1. Check how long it will take you to get to the office 12 times per day for at least a week.

This will allow you to plan out your optimal route, whether by car, train, foot, or horseback. On the day of the appointment, add an hour buffer, just in case. You’re going for “Dad going to the airport energy.” Your doctor will be impressed. Pro tip: Bring a book that you can pretend to read while you stress in the waiting room.

2. Call your insurance company and wait on hold during a staticky elevator rendition of “Glory of Love” for 10-15 minutes.

This is the only way to review what services will be covered. Be thorough. What STI tests are included in a routine panel? Are there any add-ons? Like, for argument’s sake, what if you wanted to be checked for scabies? Is that included? Or that weird rash you noticed? How about smallpox?

3. Tell your manager that you’ll be out for a doctor’s appointment.

Say “I don’t think it’s anything serious” with just enough of a tremor in your voice to imply that it very well could be serious. (Come to think of it, it might be serious…) This should get you out of some bullshit meetings.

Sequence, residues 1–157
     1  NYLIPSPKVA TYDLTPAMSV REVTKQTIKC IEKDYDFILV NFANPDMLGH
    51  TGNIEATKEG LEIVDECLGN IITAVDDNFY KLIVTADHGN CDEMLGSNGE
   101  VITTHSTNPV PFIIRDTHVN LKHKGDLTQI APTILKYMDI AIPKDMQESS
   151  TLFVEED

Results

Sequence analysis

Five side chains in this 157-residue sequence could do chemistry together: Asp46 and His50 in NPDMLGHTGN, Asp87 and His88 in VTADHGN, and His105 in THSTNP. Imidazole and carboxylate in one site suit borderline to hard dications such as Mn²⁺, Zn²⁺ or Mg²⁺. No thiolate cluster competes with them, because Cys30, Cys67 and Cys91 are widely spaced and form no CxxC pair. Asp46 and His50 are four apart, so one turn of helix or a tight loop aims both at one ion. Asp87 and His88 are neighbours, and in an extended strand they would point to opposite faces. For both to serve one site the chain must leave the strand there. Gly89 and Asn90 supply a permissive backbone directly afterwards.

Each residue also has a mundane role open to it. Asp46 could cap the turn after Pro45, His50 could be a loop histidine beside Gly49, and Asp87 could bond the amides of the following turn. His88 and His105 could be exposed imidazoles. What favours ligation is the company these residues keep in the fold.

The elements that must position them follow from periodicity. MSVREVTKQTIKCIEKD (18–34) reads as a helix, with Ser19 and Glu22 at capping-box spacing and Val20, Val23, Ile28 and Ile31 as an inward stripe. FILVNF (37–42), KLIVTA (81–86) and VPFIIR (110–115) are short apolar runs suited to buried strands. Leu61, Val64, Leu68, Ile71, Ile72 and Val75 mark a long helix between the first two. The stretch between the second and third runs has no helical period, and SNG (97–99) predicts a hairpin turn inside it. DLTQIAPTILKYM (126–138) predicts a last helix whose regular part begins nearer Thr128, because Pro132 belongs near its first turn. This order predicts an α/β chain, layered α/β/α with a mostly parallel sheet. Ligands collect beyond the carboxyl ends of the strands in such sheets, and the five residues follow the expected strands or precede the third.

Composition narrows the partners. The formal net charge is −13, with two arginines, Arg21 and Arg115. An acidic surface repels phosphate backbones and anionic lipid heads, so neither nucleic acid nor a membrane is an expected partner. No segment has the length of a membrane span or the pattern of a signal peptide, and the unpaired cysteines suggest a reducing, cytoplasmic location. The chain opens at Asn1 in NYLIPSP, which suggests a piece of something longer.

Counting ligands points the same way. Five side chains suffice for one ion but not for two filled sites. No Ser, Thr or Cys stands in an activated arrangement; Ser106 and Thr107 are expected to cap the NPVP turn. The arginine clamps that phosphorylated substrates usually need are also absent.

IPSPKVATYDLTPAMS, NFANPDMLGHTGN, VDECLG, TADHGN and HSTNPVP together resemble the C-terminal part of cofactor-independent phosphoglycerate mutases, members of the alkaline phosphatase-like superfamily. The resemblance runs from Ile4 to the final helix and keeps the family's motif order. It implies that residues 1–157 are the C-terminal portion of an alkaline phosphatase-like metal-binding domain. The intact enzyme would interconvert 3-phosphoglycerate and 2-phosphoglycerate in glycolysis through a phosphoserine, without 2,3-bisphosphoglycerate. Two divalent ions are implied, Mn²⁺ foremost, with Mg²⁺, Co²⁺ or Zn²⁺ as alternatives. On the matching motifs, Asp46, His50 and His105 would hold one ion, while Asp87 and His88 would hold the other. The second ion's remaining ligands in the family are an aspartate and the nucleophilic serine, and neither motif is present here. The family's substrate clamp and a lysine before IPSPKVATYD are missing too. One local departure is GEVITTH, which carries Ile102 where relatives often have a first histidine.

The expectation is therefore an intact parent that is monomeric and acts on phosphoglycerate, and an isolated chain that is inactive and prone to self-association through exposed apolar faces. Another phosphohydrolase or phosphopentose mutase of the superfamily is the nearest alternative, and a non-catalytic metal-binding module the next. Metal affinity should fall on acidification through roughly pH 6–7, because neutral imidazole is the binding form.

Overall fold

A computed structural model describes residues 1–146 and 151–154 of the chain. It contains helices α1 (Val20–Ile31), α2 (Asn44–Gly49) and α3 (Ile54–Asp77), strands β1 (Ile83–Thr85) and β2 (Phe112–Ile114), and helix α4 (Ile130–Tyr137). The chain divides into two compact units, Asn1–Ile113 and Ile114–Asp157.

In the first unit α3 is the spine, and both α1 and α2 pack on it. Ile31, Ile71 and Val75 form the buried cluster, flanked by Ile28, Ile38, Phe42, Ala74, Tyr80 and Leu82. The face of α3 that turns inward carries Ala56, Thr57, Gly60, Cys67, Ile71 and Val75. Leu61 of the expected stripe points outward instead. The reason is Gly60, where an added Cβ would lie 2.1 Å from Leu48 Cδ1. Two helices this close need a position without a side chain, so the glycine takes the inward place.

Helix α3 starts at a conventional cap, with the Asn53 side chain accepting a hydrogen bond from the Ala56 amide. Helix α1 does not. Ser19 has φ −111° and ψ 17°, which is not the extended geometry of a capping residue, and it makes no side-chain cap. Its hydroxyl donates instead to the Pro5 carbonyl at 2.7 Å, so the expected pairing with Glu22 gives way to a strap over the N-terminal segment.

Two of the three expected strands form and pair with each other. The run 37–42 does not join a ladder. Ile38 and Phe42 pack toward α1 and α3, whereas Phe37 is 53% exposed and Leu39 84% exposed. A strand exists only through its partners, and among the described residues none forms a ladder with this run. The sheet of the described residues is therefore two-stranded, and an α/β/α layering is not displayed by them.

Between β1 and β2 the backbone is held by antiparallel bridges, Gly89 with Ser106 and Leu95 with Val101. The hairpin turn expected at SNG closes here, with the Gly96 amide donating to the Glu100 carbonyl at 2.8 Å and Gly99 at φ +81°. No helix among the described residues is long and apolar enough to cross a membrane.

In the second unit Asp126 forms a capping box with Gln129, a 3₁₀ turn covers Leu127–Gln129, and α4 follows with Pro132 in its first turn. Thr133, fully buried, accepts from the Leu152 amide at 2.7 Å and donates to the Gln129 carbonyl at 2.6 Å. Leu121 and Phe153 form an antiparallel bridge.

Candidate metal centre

4. Google “What does sexually active mean?”

Is it like you’re having sex right at that moment? In the past year? Ever? Does oral count? Does your vibrator count?

5. Prepare some icebreaker questions to make your doctor like you.


  • “What’s up with that whole aspartame thing? Should I be worried? Am I going to die?”
  • “Is that ‘one glass of red wine a day is good for you’ advice real? How about seven?
  • “I mean, I feel like we’re dancing around this. Do you like me?”

6. Be sober for one day.

This will be enough to repair any liver damage you’ve accumulated within the past year. While you’re at it, prepare a reasonable-sounding lie about how much you drink per week. When did we decide being passionate about tequila was a bad thing?

7. Chug water the night before.

You won’t be able to eat or drink anything pre-appointment because you need to impress your doctor with your low weight. Additionally, find your flimsiest outfit. Weigh yourself with each of your styles to find the optimal pick. Pack a snack so you can begin stuffing your face the second you step off the scale.

8. Practice saying, “I’m totally stable, I don’t need to see a specialist. I saw this psychiatrist more than once, I’m totally stable on my meds, I just need a refill of Celexa, 20 mg, and if you want to add a sidecar, go right ahead. I’m stable. No need to pay extra for a specialist.”

This will be enough to demonstrate to your PCP that you are TOTALLY STABLE and aren’t just seeing them because you need a meds refill and your insurance covers a physical but not a regular psychiatrist appointment.

9. Practice saying goodbye in the mirror without sounding like a crazy person.

Repeat after me: “Thanks, have a great day, Dr. Smith.” You’ll be tempted to say, “Thanks, Dr. Smith. Am I going to die?” But remember that if you sound too unstable, your PCP will insist that you go back to your psychiatrist for the meds refill, and that’s expensive.